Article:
Educational programs for the food industry and guidance for safe handling practices are also available as part of the National GAPs program (http://www.gaps.cornell.edu/), led by a team of faculty at Cornell University and 27other universities. Specific recommendations for consumers and associated links can be found at a FDA website
In 2007, the FDA announced a Tomato Safety Initiative. The Initiative is a collaborative effort between the FDA and the state health and agriculture departments in Virginia and Florida, in cooperation with several universities and the produce industry. The Tomato Safety Initiative (http://www.cfsan.fda.gov/~dms/tomsafe2.html) seeks to identify practices or conditions that potentially lead to contamination of tomatoes, and what steps producers are taking to address these issues. Information from the Initiative will allow the FDA to continue to improve its guidance and policy on tomato safety. The Initiative supports an important goal in the 2004 FDA Produce Safety Action Plan (http://www.cfsan.fda.gov/~dms/prodpla2.html) which is to minimize the incidence of foodborne illness associated with the consumption of fresh produce.
Raw peppers are rarely involved in produce food safety outbreaks, and, no specific food safety initiatives has been developed specifically for the growing, harvesting, and handling of raw peppers.
What can consumer and retailers do to minimize their risk?
Initially, the focus was on tomatoes. FDA provided recommendations for food-service providers, restaurants operations, other retailers, and consumers and suggested that they should discard raw red plum tomatoes, raw red Roma tomatoes, and raw red round tomatoes, unless they were grown, harvested, and packed in a region found not to be associated with the outbreak. An up-to-date list is being provided by FDA to help retailers and restaurant operations: http://www.fda.gov/oc/opacom/hottopics/tomatoes.html#retailers. Food containing any type of tomato, from any region, that has been heat processed, bottled, or canned within a food-processing facility (i.e. canned tomatoes, tomato juice, and salsa) is safe to consume.
Guidance was also been provided for the handling of fresh tomatoes not associated with the outbreak. All fresh tomatoes should be refrigerated at 41° F (5° C) or less. This would include tomatoes used as ingredients for salsa, as an ingredient in salads, and those that are used on sandwiches. Refrigeration cannot be used to eliminate pathogenic bacteria like Salmonella, but it can be used to minimize the growth of pathogenic bacteria if they are present. Retail food establishments and consumers should not attempt to cook tomatoes involved in this outbreak in an effort to kill Salmonella. Even though proper cooking would destroy Salmonella, the risk of cross-contamination during food preparation and service is high. Retail food establishment and consumers should also not attempt to wash tomatoes in an effort to remove Salmonella. Salmonella attaches very firmly to the surface of tomatoes, and it is very difficult to remove. Therefore, traditional produce washing procedures are not likely to completely eliminate it.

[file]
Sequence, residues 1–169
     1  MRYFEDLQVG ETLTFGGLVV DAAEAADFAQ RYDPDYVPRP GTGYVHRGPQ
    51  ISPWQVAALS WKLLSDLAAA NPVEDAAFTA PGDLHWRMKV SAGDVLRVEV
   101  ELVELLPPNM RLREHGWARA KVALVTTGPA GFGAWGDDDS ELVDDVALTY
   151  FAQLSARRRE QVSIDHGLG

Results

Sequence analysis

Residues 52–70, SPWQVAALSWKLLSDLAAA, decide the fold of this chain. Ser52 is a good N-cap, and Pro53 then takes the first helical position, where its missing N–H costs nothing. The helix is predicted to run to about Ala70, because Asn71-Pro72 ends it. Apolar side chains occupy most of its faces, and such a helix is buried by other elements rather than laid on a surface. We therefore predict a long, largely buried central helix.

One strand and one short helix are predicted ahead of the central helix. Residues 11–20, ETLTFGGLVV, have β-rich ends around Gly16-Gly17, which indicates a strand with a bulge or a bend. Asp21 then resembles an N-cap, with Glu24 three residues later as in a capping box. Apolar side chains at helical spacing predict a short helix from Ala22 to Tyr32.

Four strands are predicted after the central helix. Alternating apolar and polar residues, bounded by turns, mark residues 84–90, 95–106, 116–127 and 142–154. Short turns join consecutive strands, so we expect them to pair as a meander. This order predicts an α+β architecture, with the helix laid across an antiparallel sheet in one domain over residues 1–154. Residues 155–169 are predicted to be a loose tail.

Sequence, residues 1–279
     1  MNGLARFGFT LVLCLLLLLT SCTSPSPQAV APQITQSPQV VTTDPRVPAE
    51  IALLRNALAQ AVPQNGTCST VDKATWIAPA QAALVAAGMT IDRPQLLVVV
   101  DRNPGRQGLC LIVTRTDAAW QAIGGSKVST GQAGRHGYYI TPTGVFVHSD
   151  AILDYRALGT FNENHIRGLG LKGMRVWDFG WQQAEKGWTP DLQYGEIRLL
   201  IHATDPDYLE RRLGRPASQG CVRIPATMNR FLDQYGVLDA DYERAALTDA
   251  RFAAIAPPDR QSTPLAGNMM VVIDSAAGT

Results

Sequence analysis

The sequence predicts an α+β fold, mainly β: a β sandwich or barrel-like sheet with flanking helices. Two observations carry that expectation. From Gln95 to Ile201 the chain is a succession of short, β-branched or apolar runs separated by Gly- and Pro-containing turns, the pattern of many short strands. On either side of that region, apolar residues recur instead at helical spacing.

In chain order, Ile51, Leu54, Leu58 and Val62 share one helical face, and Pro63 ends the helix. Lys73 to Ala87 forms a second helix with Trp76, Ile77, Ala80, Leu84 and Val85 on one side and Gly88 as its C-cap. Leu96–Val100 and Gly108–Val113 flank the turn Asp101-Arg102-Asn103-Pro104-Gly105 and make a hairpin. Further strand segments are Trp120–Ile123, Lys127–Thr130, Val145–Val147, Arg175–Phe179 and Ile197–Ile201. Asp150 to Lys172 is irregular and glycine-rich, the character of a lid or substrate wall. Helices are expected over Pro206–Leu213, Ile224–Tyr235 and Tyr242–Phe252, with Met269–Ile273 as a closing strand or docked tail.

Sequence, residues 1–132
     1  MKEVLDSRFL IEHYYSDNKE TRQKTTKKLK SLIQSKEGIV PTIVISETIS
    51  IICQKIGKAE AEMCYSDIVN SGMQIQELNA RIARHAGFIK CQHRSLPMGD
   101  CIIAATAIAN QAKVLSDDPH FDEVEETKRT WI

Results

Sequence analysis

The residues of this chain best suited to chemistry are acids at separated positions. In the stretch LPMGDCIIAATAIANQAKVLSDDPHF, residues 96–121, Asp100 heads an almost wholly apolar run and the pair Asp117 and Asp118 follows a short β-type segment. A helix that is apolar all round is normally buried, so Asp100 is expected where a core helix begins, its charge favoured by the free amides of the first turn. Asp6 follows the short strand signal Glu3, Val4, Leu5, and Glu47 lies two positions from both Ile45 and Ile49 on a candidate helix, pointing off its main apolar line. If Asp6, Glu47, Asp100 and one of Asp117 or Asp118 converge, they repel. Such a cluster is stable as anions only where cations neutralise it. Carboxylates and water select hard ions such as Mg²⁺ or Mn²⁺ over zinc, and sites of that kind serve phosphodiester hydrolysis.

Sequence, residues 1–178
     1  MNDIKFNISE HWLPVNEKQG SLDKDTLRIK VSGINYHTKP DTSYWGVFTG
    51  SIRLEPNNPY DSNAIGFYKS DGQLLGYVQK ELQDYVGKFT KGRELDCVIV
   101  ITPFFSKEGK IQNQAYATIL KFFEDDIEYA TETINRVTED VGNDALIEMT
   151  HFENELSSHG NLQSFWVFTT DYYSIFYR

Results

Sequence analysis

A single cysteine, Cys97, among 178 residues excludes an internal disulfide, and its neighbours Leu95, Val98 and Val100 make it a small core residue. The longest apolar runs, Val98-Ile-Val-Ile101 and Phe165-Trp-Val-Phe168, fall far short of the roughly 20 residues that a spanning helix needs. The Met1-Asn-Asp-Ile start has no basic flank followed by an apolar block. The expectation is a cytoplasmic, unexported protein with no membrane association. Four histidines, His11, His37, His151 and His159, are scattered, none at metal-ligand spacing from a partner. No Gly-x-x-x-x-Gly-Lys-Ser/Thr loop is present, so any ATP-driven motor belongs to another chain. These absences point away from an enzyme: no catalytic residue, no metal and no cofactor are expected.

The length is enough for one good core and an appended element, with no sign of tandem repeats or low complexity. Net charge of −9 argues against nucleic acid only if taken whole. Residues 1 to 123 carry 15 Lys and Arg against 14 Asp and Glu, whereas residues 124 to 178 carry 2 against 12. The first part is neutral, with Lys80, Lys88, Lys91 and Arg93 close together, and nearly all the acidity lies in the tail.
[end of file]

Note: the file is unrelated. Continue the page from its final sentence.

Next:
Now the focus is on jalapeño peppers. FDA is currently working with the food industry to recall potentially contaminated jalapeño peppers. However, since a food recall may not remove all potentially contaminated peppers, FDA is also recommending that consumers avoid eating raw jalapeño peppers or foods made from raw jalapeño peppers until further notice. This recommendation is only for raw peppers and not cooked or pickled jalapeño peppers. In addition, FDA is continuing to advise immune-compromised populations, (elderly, infants, pregnant women, people with impaired immune systems) to avoid eating raw serrano peppers or food made from raw serrano peppers.
Because the outbreak is still under investigation, updated information is being provided on a FDA website (http://www.fda.gov/oc/opacom/hottopics/tomatoes.html) and on a CDC website (http://www.cdc.gov/salmonella/saintpaul/). These are excellent sources of information for people who want to keep informed about future developments in the investigation of this outbreak.
Richard H. Linton, Ph.D.
Professor of Food Safety
Director of the Center for Food Safety Engineering
Purdue University, West Lafayette, IN USA
Original Posted Date of Article: July 8, 2008
Updated: July 21, 2008